Steeple Bumpstead and how to tour Europe by motorcycle

23 March 2013

England has many strangely named villages, Giggleswick, Updown, Each End, Cow Roast, Crackpot, Netherthong, Nobottom, Dull andTwatt, just to name a tiny few. Steeple Bumpstead is just another, but it is significant because it is where we purchased a motorcycle to tour around Europe. As a foreigner this is a slightly tricky exercise to get set up, but once you do, you are on your way. So how did we do it? on

What is Steeple Bumpstead and what is has to do with motorcycling? A few years back my wife and I decided it might be good to travel around Europe by motorcycle. This sounded like a fairly simple task, but if you don’t live in Europe how do you get hold of a motorcycle at a reasonable price? Renting is rather expensive, much more so than a motorcar, so hiring for more than a few days is not very attractive. We thus came up with the idea of buying a used motorcycle in the UK, travelling around for 3 months and then selling it. Sounds simple enough! We did eventually work out how it can be done, and it’s not too much hassle if you know the ropes.


We purchased the bike privately from an owner in a place called Steeple Bumpstead (Essex), a rather curious name!

The prices of bikes in the UK can be readily found on the internet, but but be aware that many have already been sold, some even 12 months earlier, with the advertisements just not taken off the web! I resorted to a print version of Motorcycle Trader and just two days after arriving in the UK, found a seven year old Honda Deauville with only 12,000 miles on the clock.

Advice on what to look out for regarding statutory requirements and dubious ownership can be found at n-buying-a-used-car. It is best to get a bike that is already registered and has an MOT (Ministry of Transport roadworthy certificate). The bike must have an MOT before it can be ridden. Some bikes might have a SORN (Statutory off Road Notice) which means it is currently not taxed for riding and thus may require an MOT before it can be registered for riding.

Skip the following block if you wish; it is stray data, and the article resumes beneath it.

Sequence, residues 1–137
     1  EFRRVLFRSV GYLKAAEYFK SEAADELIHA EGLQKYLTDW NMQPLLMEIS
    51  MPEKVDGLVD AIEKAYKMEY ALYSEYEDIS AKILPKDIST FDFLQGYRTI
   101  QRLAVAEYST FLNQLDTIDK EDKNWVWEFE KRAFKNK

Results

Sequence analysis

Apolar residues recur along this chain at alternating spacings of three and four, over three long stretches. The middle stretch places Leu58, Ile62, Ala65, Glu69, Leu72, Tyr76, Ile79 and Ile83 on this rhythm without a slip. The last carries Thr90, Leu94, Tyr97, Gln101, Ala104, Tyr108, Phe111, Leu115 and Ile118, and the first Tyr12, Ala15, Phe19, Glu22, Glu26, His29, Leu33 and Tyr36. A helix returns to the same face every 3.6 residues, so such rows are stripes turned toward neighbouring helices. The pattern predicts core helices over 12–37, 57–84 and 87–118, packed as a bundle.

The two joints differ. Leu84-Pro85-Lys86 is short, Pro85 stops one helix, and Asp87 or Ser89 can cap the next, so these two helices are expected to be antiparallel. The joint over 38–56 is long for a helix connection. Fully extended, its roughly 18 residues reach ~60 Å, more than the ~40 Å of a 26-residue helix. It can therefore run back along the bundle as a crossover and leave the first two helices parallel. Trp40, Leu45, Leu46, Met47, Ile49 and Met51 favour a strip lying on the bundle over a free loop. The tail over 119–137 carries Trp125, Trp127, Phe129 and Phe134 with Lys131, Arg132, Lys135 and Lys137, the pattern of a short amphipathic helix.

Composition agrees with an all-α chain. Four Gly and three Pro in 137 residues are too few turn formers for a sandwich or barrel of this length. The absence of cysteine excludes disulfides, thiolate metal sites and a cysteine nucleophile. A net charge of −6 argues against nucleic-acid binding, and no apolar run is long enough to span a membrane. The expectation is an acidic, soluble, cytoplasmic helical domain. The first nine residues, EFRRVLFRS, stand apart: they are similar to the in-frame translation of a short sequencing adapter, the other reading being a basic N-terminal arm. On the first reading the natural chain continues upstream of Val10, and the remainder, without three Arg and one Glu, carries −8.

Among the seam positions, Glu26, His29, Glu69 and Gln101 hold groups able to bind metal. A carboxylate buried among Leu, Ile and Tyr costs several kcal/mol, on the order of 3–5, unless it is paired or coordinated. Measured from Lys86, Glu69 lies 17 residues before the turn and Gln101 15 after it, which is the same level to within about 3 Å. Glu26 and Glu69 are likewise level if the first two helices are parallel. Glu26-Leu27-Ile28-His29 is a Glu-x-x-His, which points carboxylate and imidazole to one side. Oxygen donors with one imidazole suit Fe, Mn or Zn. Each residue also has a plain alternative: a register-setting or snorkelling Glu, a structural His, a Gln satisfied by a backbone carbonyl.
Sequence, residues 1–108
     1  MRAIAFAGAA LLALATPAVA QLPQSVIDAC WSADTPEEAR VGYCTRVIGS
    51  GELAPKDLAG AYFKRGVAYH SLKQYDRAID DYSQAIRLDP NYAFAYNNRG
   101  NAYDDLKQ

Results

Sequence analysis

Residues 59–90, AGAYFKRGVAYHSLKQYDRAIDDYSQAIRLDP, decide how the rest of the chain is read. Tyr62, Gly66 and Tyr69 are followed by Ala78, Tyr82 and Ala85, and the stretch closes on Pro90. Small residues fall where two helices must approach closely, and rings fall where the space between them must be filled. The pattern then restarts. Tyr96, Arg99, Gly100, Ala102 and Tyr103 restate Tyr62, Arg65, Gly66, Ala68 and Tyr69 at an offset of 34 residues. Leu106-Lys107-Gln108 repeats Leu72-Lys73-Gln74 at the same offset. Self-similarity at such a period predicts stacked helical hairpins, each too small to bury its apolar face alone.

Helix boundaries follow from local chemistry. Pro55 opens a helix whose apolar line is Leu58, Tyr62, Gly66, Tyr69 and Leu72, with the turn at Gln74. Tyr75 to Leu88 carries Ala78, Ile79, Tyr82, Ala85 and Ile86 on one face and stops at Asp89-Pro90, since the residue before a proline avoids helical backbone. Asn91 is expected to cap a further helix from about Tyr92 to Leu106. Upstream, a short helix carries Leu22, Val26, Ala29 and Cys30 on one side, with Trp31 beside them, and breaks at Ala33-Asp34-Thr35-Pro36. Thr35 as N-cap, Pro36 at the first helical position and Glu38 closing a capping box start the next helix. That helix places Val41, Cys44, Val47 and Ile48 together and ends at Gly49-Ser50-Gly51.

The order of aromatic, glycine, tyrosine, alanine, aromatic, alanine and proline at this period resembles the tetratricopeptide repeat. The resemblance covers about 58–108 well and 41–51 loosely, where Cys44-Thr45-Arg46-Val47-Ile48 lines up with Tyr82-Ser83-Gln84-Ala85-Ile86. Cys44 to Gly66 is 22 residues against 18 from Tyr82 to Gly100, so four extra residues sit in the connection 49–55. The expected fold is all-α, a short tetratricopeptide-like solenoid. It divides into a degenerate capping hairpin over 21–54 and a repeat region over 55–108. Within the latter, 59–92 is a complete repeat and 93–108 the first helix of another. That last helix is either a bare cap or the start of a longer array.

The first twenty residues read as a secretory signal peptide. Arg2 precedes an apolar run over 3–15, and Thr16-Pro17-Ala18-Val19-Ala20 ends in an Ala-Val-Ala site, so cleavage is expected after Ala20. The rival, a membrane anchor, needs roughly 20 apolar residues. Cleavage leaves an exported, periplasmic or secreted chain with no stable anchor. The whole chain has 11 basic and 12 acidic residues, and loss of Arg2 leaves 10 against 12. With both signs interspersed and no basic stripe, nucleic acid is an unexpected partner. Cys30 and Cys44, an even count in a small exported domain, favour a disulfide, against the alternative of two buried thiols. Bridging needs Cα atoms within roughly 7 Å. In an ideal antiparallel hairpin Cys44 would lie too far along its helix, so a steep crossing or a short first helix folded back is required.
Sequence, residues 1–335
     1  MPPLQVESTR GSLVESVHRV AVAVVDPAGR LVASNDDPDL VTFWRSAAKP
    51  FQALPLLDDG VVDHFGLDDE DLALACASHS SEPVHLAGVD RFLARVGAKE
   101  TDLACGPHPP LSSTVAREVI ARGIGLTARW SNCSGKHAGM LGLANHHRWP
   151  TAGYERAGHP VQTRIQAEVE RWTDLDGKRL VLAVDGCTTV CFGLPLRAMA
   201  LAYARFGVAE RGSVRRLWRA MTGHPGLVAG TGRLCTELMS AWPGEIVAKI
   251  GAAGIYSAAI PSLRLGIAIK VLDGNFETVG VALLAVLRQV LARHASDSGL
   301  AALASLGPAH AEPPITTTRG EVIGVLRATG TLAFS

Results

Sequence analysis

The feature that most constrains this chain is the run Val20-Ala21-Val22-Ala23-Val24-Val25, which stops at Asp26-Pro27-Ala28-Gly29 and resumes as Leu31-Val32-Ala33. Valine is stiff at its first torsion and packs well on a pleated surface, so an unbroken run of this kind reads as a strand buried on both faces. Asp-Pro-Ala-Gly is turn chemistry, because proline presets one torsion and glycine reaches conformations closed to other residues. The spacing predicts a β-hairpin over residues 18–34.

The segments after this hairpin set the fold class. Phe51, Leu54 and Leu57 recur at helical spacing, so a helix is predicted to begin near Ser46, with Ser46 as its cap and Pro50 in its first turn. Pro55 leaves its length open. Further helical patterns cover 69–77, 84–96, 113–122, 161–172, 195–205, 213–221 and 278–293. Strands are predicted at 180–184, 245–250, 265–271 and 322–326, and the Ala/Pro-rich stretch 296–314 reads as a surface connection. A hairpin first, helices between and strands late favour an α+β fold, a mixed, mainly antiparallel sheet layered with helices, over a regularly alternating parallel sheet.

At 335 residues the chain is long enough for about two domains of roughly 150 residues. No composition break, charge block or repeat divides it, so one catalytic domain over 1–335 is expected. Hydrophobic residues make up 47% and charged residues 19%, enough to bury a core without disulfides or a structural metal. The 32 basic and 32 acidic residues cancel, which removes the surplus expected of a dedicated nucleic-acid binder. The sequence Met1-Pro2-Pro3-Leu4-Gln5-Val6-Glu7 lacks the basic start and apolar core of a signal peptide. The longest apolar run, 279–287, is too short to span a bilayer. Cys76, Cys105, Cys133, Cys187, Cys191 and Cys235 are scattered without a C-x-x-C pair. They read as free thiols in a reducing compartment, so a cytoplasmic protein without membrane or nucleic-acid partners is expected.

If you ask the UK DVLA (Driver and Vehicle Licensing Agency) about the process of purchasing a vehicle as a foreigner you will get a complicated response referring to various forms that might need to be filled out. But really all you need to register a vehicle is a UK address that you can use. We opted to register the bike in someone else’s name and address, even though they didn’t have a motorcycle license. The transfer itself is simple, just a matter of visiting a local DVLA office with the registration/transfer papers signed by the previous owner. If you purchase a bike with MOT and a tax long enough for your journey you are 3/4 of the way there. If you purchase a bike without MOT and tax it becomes very difficult.

The key thing to be able to sort out is Insurance! In the UK a vehicle cannot be registered (taxed) without insurance. The only problem is it is almost impossible for foreigners to get insurance in the UK, so while you can purchase a bike, Bikesure in the UK are specialist motorcycle insurers who can insure you for Europe and the UK if the bike is registered there. Before you can ride in Europe you must have public liability insurance. Stefan Knopf ( in Germany can provide Greencard insurance to ride throughout the EU, excepting for the country in which the bike you are riding is registered. If you would like to know any more about setting this up send me a message via the Meet Murray page.

What to pack? As little as possible is the answer. The less weight the less trouble you will have. It will be easier to park, use less fuel, be less likely to break, and be easier to pick up when it falls over if it is lighter. It’ll also be easier to carry your luggage up all those stairs, and easier to find what you actually need. We were on the road for 3 months and had one small pannier each for personal gear. Aside from the Draggin jeans, long sleeved T-shirt and MotoDry touring jacket I would be wearing, and wet weather over trousers, I took

  • one pair of jeans
  • two long sleeved thermal T shirts
  • two long thermal bottoms
  • one lightweight long sleeved shirt
  • one pair of lightweight trousers with zip off legs